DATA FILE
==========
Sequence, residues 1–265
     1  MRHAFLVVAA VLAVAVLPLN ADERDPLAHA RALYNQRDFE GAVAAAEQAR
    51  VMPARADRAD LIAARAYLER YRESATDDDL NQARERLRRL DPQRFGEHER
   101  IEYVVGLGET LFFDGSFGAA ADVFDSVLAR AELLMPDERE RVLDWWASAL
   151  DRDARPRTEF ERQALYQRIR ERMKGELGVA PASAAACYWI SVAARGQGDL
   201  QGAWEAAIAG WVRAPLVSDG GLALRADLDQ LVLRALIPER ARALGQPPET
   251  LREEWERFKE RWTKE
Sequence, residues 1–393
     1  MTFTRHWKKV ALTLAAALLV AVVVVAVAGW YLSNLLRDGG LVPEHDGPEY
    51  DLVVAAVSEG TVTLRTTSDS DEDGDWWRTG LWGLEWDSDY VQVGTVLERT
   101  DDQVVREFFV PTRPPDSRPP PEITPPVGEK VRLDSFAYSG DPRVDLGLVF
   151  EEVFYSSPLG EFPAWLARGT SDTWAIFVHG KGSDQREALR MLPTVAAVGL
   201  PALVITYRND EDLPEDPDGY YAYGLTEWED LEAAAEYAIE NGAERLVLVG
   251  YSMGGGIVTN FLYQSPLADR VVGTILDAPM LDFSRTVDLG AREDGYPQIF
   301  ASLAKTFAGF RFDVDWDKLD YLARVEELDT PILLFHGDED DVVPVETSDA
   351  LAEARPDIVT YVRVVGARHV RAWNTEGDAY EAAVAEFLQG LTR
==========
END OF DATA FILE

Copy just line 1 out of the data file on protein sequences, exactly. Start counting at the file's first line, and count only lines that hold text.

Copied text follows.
Sequence, residues 1–265